disabled by default, and must be enabled explicitly.
To run the standard library tests, just run regrtest.py from the
command line, inside the test directory. You can specify a single
module to test as an argument, or run all of the tests by omitting the
$ pwd /python-trunk/Lib/test $ python regrtest.py test_re.py test_re 1 test OK.
The output reports that a single test was run, but that is a little
misleading. In fact it indicates that one module was run. Using
the -v option with regrtest.py will show the individual unit
tests that have been run, and their status.
To run tests with special resources enabled, use the -u option to
regrtest.py. For a complete list of the resource types, see the
help output (-h). This example illustrates running the curses
module tests, with curses disabled (the default):
$ python regrtest.py test_curses.py test_curses test_curses skipped -- Use of the `curses' resource not enabled 1 test skipped: test_curses Those skips are all expected on darwin.
And now with curses enabled:
$ python regrtest.py -ucurses test_curses.py [screen paints black and cursor moves around] 1 test OK. $
Running Your Tests
The first, py.test, works by scanning your source files for functions
or methods that start with test_ and running any that it finds.
It depends on your tests using assert, and so does not require a
special test class hierarchy or file layout. It has support for
fixtures at granularity ranging all the way from module to class, and
even the method level. It does not directly support the unittest
framework, and has only experimental support for doctest tests. One
unique feature is the ability for a test function to act as a
generator to produce additional tests. The example given on the
py.test web site illustrates this nicely:
def test_generative(): for x in (42,17,49): yield check, x def check(arg): assert arg % 7 == 0 # second generated tests fails!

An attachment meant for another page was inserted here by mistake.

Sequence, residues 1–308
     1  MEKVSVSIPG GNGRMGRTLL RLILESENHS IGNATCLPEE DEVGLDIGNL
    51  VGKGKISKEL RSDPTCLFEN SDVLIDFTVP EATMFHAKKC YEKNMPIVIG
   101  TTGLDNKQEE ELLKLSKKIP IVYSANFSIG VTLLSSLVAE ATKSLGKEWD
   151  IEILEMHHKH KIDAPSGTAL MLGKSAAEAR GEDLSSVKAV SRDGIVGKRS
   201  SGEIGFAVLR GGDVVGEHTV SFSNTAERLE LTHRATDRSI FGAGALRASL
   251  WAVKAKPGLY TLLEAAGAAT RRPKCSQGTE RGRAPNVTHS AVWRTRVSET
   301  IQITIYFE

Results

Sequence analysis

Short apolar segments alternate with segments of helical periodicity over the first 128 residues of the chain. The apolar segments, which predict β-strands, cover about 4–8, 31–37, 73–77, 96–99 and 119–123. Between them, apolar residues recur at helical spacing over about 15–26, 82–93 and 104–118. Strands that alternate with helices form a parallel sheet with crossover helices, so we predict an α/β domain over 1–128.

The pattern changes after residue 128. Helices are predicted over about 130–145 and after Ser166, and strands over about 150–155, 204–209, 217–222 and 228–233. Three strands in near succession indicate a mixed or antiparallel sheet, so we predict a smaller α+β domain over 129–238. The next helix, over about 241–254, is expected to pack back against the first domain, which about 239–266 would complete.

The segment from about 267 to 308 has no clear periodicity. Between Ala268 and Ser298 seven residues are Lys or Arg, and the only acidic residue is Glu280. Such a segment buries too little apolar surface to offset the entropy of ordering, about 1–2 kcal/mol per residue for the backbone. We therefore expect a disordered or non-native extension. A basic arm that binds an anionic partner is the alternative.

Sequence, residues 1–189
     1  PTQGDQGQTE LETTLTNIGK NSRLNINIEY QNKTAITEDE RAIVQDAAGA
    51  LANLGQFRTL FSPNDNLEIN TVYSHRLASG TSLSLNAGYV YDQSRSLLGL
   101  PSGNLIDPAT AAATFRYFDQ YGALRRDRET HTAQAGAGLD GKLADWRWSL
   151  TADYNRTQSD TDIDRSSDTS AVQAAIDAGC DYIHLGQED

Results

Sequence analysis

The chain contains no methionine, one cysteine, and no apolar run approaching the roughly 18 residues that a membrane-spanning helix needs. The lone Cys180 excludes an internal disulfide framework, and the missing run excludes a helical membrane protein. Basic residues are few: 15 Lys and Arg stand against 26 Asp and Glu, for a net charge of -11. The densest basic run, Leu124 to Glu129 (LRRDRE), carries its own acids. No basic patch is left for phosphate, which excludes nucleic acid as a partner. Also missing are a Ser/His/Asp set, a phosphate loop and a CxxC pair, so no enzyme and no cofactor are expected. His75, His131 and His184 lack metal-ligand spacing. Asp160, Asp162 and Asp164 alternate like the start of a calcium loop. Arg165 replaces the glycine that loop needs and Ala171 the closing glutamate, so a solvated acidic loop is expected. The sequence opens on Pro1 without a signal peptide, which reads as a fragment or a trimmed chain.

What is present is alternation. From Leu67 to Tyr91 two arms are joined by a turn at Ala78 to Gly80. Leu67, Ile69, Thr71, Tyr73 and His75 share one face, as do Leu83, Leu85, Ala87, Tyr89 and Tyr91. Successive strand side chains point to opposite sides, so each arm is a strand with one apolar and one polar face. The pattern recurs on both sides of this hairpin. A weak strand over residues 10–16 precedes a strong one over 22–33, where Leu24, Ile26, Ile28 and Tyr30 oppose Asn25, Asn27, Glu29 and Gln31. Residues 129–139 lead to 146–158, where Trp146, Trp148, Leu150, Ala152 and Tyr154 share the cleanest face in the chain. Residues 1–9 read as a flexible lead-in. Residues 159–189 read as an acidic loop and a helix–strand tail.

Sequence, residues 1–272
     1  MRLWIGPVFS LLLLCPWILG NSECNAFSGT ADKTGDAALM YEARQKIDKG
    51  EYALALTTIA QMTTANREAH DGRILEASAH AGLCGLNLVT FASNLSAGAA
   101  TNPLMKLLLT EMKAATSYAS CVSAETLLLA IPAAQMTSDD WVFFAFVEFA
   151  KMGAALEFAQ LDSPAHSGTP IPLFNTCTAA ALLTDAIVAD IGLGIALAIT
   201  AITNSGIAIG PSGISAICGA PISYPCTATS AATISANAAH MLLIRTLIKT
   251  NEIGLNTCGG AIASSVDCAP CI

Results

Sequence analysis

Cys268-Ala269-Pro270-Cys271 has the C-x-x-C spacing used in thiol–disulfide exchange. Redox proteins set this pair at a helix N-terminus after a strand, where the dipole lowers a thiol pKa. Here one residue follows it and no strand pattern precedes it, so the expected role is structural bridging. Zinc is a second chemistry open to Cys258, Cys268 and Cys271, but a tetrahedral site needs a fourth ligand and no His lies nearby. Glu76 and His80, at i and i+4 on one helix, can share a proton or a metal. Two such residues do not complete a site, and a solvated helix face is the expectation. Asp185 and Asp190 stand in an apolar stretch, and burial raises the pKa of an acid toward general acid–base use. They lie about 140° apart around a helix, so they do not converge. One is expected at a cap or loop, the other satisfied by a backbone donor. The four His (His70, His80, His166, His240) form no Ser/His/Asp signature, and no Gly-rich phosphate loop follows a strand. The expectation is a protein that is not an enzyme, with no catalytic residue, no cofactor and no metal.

Using a generator like this can save repetitive code in your tests.
Nose is billed as a “discovery-based unittest extension”. It scans
your test files to identify test cases to run automatically by
detecting classes derived from unittest.TestCase or matching a
name pattern. This lets you avoid writing explicit test suites by
hand. Configuration is handled through command line flags or a config
file, which makes it easy to set verbosity and other options
consistently for all of your projects. Nose can be extended through a
plugin API, and there are several nose-related packages available for
producing output in different formats, filtering or capturing output,
and otherwise adapting it to work the way you do.
Proctor is another tool that works by scanning your source files.
(Disclosure: I wrote Proctor.) It works closely with the unittest
framework, and has features for managing test suites spanning multiple
directories using tagging. I won’t go into Proctor too deeply here,
since I have an entire article dedicated to it
planned for the near future. I will say that it is less extensible
than nose because it lacks a plugin system, but it has been used in
production for several years now. It specializes in producing output
that is machine parsable, to make it easy to produce reports from test
logs with many tests (several thousand at a time). Although the
feature sets of nose and Proctor overlap, neither implements a clear
super-set of the other.
IDEs and GUIs
In addition to the command line test runners described here, any
number of editors and IDEs support running tests. There are too many
to name, but all have some form of quick access to the tests, usually
bound to a single keystroke. Feedback ranges from text output, to
HTML, to a progress bar style report.
I’ve recently started experimenting with TextMate as a development
editor, and I have to say I like the “PyMate” feature for running
scripts. The output is parsed and presented in an HTML pane, with
tracebacks linking back to the original source line in the editor.
This makes it easy to jump from tracebacks in the test output directly
to your source, making the edit-test-repeat cycle shorter. Other
editors with support for running test suites include Eclipse, WingIDE,
Eric, and Komodo – I’m sure that list could be a lot longer. Each
has its own particular take on finding, running, and presenting the